Family and gender roles are a major factor in determining health outcomes in different cultures. In the United States and China, cultural beliefs about family and gender dynamics have an important impact on how individuals access healthcare services, preventative care, medical treatment for illnesses, and mental health support.
In the United States, traditional gender roles have traditionally been viewed as male-dominated with women often viewed as subordinate to men. This has led to a number of negative effects on women’s health including lower rates of preventive care visits compared to men. Women are also less likely than men to receive follow up care after receiving treatment or visit specialists such as mental health professionals if needed. Additionally, disparities in access to healthcare services between rural and urban areas tend to be more pronounced among women decreasing their ability to receive timely care.
In contrast, Chinese culture tends towards more egalitarian views on gender roles which has been shown to lead to better overall physical and mental health outcomes among both genders. An example of this is that Chinese women are much more likely than American women to seek out preventive care due largely in part because they feel that doing so is part of their responsibility as mothers or wives rather than feeling oppressed by traditional male dominated societal expectations. Additionally, Chinese men are more likely than their American counterparts to actively seek out medical attention for physical illnesses due partly because there is less stigma surrounding admitting vulnerability or seeking help from healthcare providers when needed within Chinese society compared with the U.S..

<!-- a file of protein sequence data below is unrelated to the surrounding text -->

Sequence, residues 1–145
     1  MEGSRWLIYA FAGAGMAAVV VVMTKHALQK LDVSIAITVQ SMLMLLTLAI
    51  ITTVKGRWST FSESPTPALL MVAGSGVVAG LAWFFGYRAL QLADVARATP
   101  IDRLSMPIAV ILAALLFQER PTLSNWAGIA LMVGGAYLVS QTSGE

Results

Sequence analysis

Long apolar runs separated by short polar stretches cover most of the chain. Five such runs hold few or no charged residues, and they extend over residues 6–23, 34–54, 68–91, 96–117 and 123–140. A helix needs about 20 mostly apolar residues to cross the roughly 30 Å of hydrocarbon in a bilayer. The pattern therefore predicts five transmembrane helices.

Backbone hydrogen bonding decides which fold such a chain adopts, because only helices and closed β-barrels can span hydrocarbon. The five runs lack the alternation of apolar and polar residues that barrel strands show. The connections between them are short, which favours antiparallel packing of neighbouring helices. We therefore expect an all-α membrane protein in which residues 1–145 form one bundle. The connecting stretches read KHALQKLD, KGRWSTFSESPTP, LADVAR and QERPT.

Discuss the family and gender roles in these two cultures related to health.
Families also play an important role in influencing both American and Chinese attitudes towards healthcare utilization . In America families may be seen by some as private entities where individuals should take it upon themselves alone receive necessary medical treatments while others may view it as the responsibility of all family members no matter what age or gender they may be regardless of whether they need services at present time or not . In contrast ,Chinese families typically place a greater emphasis on collective responsibility meaning that providing necessary medical attention for all its members is seen as a duty for all family members regardless if its immediate member’s need assistance at present time or not . As one example from recent studies , elderly individuals living within multi-generational households (commonly practiced within China) were found significantly more likely access prescribed medication compared those elderly patients living alone showing that having supportive network can increase individual’s likelihood engaging wih healthy practices even when direct motivation may otherwise lacked by an individual person due factors such socioeconomic status
Ultimately these two distinct but related cultural norms around family involvement in accessing healthcare combined with varying views on gender roles affect how effectively individuals will engage with available resources leading either positive improvements general well-being potential burden placed upon local social safety nets depending upon how effective culturally driven systems promoting early interventions most importantly prevention strategies implemented within each respective location